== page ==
- Relevance: Surveillance data and NIOSH case investigations identified riding unrestrained as an important risk factor for occupational injury and death among EMS workers; certain hazards could not be eliminated by restraints alone. NIOSH partnered with two organizations who requested design input from NIOSH to eliminate the risk of injury and death from cabinets immediately above and behind the head of an EMS worker. NIOSH research was the impetus for change in purchase specifications and testing standards for every ambulance contracted for and manufactured in the United States beginning August 1, 2007. The change incorporates a minimum head clearance above all seating positions effectively eliminating the overhead cabinet head strike hazard.
More information about ambulance crash survivability can be found at https://www.cdc.gov/niosh/topics/emres/responders.html; https://www.cdc.gov/niosh/programs/pps/projects.html; https://www.cdc.gov/niosh/programs/pps/.
- Title: Improved Criteria for Emergency Medical Services Protective Clothing
- Authors: Shepherd A, Haskell W
- Source: National Personal Protective Technology Laboratory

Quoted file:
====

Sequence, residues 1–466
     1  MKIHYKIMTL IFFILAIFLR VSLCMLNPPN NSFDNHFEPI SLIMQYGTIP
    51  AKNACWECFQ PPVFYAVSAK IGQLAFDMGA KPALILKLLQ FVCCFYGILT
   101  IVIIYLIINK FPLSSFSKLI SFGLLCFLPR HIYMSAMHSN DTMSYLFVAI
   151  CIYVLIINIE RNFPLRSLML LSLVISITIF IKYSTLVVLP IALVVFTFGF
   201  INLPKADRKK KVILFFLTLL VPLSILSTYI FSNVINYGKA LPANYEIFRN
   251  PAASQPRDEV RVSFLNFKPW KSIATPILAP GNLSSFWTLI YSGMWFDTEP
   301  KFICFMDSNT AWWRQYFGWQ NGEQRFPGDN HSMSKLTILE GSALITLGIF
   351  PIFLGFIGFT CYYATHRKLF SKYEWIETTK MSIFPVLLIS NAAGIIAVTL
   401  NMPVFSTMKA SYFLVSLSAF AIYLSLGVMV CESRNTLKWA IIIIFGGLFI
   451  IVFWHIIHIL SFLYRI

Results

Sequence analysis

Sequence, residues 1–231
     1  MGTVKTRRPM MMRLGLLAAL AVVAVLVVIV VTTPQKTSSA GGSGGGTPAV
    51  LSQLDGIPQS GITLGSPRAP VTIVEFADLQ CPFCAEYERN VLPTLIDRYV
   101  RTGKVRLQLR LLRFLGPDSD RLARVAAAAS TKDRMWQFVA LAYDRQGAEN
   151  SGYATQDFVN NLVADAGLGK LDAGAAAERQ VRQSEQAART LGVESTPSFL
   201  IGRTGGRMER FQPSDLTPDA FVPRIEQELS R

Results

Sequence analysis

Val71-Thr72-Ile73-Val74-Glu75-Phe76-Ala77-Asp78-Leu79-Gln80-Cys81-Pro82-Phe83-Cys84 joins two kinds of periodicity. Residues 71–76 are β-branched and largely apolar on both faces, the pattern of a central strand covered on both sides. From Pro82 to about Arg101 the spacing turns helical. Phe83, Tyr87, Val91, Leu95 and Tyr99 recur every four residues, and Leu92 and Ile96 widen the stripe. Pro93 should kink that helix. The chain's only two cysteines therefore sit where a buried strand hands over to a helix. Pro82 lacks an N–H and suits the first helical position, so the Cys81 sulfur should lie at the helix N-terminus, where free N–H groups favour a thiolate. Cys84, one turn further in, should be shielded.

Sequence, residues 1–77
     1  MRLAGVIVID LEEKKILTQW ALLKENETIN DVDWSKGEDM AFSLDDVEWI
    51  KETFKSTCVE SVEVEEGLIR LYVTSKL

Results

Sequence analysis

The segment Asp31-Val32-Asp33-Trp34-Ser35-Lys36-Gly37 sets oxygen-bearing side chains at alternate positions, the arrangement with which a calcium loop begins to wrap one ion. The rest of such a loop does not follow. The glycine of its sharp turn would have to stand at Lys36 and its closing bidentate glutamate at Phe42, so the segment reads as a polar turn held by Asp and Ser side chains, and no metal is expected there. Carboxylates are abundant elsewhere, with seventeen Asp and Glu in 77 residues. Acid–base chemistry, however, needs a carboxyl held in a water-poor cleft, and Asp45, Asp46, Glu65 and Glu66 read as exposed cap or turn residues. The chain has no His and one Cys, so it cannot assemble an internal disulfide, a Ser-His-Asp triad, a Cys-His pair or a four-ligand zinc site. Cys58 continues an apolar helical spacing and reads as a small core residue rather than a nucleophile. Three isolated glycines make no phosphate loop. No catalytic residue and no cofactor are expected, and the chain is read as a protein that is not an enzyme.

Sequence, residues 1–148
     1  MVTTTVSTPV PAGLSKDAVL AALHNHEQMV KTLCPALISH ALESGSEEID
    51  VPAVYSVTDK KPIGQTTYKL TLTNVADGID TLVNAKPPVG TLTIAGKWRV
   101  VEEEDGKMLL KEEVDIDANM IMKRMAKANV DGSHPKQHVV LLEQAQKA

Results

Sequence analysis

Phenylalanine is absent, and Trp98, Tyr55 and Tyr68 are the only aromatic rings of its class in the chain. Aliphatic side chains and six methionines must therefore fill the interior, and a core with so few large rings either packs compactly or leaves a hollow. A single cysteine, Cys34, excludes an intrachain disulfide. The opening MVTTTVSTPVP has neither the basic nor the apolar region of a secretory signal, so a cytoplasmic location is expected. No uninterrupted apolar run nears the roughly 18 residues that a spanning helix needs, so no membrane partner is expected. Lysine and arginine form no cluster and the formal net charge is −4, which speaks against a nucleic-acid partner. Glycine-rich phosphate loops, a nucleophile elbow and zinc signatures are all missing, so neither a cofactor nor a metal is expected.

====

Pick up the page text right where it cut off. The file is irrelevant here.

- Background: It is estimated there are over 1 million firefighters and an additional 50,000 emergency medical service (EMS) workers engaged in EMS operations. Routinely, these EMS responders are exposed to a wide range of hazards that require personal protective equipment. NIOSH’s National Personal Protective Technology Laboratory (NPPTL) began a research project in 2005 to address limitations in the previous edition of the National Fire Protection Association (NFPA) 1999 Standard on Protective for Emergency Medical Operators concerning protective clothing.
- Relevance: NPPTL and its partners conducted a series of investigations to provide the basis for recommending specific, mission based criteria for the protection of responders during medical operations. NPPTL’s recommended criteria and test methods were used by the NFPA for its 2008 edition of the standard. The level of protection offered by the protective clothing enables a level of protection not previously provided to the nation’s EMS responders. As of January 13, 2009 there were 29 manufacturers with 92 certified products. Two notable areas for increased certification are reusable footwear and work gloves. The Department of Homeland Security and the Interagency Board for Equipment Standardization and Interoperability have officially endorsed the 2008 edition of the NFPA 1999 standard, meaning EMS organizations will be able to obtain funding to purchase NFPA 1999 certified products through a federal equipment grants program.
More information about emergency medical services protective clothing can be found at https://www.cdc.gov/niosh/blog/nsb012009_ems.html; https://www.cdc.gov/niosh/programs/pps/projects.html; https://www.cdc.gov/niosh/programs/pps/.